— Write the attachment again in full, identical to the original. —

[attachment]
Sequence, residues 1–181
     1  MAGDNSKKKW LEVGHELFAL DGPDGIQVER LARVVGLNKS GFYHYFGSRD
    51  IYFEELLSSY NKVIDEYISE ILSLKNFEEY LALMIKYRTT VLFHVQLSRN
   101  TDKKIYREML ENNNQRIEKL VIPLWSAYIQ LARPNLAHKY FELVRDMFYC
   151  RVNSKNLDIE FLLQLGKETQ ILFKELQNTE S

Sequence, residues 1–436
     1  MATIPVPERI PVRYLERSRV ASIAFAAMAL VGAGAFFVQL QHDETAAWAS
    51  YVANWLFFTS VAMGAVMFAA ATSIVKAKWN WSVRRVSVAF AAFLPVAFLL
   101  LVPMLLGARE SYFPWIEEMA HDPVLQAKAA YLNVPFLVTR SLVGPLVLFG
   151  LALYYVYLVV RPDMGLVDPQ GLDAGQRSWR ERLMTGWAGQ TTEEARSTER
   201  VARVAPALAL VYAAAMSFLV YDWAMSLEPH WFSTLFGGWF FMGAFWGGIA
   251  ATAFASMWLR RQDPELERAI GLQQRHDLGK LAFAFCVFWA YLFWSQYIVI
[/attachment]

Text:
Sequence, residues 1–181
     1  MAGDNSKKKW LEVGHELFAL DGPDGIQVER LARVVGLNKS GFYHYFGSRD
    51  IYFEELLSSY NKVIDEYISE ILSLKNFEEY LALMIKYRTT VLFHVQLSRN
   101  TDKKIYREML ENNNQRIEKL VIPLWSAYIQ LARPNLAHKY FELVRDMFYC
   151  RVNSKNLDIE FLLQLGKETQ ILFKELQNTE S

Sequence, residues 1–436
     1  MATIPVPERI PVRYLERSRV ASIAFAAMAL VGAGAFFVQL QHDETAAWAS
    51  YVANWLFFTS VAMGAVMFAA ATSIVKAKWN WSVRRVSVAF AAFLPVAFLL
   101  LVPMLLGARE SYFPWIEEMA HDPVLQAKAA YLNVPFLVTR SLVGPLVLFG
   151  LALYYVYLVV RPDMGLVDPQ GLDAGQRSWR ERLMTGWAGQ TTEEARSTER
   201  VARVAPALAL VYAAAMSFLV YDWAMSLEPH WFSTLFGGWF FMGAFWGGIA
   251  ATAFASMWLR RQDPELERAI GLQQRHDLGK LAFAFCVFWA YLFWSQYIVI